Black & White

An older photo of Bonsai Rock, in Lake Tahoe, taken in February during a stormy winter sunset, revisited in black and white.

Recently, I’ve been taking some much needed downtime, with less weekends on the road for photographic outings. This is a good thing! We all need time to decompress and recharge our batteries. For me, this has also been a good time to revisit processing some photos in the “later, when I have time” pile to look at images with a fresh set of eyes. And also, intuitively this has led me to some experimentation with black and white.

I’ve heard it said that photographers think and see in either color or black and white. For me, most definitely the former is true. Especially when I get back from a location, I’m eager to immediately post-process, upload and share photos when the memories are still fresh, and the colors, sounds and smells are still foremost in my mind.

The trail at the base of Cinder Cone in Lassen Volcanic National Park leading up to a 700 high foot tall cone of loose lava, sandy in texture like a giant sand dune.

This scene of Cinder Cone, above, in Lassen Volcanic National Park, had such interesting texture from the sand, brightly lit pine trees in the mid-day sun, and a curve of the trail leading to the summit of the cone, all of which served as unique focal points in this barren landscape. This location has such interesting colors: the greens of the trees juxtaposed against the rust red of the volcanic sand. However, the black and white version accentuated the texture, shadows, and simple composition.

Driving to Butte Lake from Manzanita Lake along Highway 89/44, is well marked Hat Creek Panoramic Vista Point, located 5 miles south of Old Station, with incredible views of Lassen Peak.

The use of black and white in the photo above of Lassen Peak, accentuates the layering of dappled light from the partly cloudy day, and of the clouds themselves. I was especially intrigued by the sunlight in the foreground, and the effect of tiny trees before the towering mountain.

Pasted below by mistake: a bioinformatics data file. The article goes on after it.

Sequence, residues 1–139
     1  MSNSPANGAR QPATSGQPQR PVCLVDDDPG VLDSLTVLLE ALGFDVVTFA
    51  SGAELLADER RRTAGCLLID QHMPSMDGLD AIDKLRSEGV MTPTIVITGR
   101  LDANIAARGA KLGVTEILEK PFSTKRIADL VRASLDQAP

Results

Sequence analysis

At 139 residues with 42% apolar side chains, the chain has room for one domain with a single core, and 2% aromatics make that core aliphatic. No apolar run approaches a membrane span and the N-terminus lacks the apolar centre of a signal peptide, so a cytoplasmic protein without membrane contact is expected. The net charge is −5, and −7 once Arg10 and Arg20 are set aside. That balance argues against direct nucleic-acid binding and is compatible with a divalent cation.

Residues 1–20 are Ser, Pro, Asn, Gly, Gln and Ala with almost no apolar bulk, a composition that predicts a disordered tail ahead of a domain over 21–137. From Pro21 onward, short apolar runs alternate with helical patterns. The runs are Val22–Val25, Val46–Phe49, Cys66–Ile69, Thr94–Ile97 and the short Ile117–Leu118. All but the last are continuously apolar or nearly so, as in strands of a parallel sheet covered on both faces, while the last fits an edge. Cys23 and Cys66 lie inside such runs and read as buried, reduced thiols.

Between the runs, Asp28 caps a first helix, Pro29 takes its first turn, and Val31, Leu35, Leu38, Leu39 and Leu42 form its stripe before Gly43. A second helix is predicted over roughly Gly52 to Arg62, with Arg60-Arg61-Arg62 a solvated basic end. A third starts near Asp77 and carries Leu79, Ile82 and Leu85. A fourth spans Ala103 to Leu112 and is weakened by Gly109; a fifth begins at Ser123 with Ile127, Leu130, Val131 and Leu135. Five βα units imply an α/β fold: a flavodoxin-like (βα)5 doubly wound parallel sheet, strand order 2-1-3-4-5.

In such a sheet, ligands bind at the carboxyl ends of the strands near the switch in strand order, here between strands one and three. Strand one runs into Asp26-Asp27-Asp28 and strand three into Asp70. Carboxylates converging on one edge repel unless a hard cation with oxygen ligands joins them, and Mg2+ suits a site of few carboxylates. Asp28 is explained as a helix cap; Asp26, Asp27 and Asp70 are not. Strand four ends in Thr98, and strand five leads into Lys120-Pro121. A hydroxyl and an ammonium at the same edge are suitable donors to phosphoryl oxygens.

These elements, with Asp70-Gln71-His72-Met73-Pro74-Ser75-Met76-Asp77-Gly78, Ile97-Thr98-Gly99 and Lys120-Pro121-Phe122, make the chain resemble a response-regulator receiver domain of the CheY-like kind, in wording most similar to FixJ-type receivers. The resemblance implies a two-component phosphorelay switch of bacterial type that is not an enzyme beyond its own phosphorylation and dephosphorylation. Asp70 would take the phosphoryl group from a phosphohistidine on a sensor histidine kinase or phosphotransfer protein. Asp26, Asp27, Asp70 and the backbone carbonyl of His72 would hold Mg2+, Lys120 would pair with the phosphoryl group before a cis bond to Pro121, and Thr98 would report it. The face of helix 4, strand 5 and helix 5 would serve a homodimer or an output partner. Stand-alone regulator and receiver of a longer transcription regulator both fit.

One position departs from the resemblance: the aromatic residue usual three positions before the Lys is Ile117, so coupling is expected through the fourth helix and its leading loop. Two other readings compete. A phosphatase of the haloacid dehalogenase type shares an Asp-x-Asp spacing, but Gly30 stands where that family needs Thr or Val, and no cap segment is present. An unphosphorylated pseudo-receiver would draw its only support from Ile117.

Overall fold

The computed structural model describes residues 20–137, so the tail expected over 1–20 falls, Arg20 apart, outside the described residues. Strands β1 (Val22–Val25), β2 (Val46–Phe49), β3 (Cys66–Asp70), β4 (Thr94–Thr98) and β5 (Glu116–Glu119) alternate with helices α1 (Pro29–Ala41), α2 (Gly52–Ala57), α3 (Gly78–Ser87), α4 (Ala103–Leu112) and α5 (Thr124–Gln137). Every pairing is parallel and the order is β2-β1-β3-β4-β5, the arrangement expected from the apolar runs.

The Yolo Causeway is a 3.2-mile long elevated highway viaduct on Interstate 80 that crosses the Yolo Bypass floodplain and connects the cities of West Sacramento, and Davis, California.

Some photos just lend themselves to black and white very naturally. The photo above of the Yolo Causeway was taken on an overcast afternoon and the colors were very muted; trying to bring that color out in post only made it look unnatural. I liked the simplicity of the forms and reflection in the water, and using a high contrast black and white enhanced the linear leading lines.

The photo below of the California Corn Lily plants, was also taken on an overcast day when the light was not amenable to the sweeping mountain vistas of the Carson Pass as I had hoped. Fortunately, these plants found along a pond were a welcome diversion. The texture, repetition and simple composition also lent itself to processing in black and white, enhancing the curvy striations of the leaves.

The California Corn Lily plant is a poisonous yet beautiful plant native to mountain meadows at 3500 to 11,000 ft in elevation. It prefers moist soil, and can cover large areas in dense stands near streams or in wet meadows. A derivative of this plant is being used for anti-cancer experimental drugs, currently undergoing clinical trials for the treatment of various types of cancer.

I’ve been fortunate to have the tremendous opportunities to head to places like Lake Tahoe, the Carson Pass, Mount Shasta, and Lassen Volcanic National Park this summer. In the whirlwind of traveling and shooting, the respite of processing photos has been very relaxing and invigorating, and the simple use of black and white provides a calming simplicity, where forms, texture and light exhibit both restraint and interest.

My name is Beth Young, and I’m a licensed architect specializing in healthcare facilities, with a strong passion for capturing the beauty of the natural world through photography.

Please feel free to browse or comment. If you wish, prints are available using long lasting and high quality photographic paper or museum quality canvas using archival inks at my website:
http://www.optimalfocusphotography.com/

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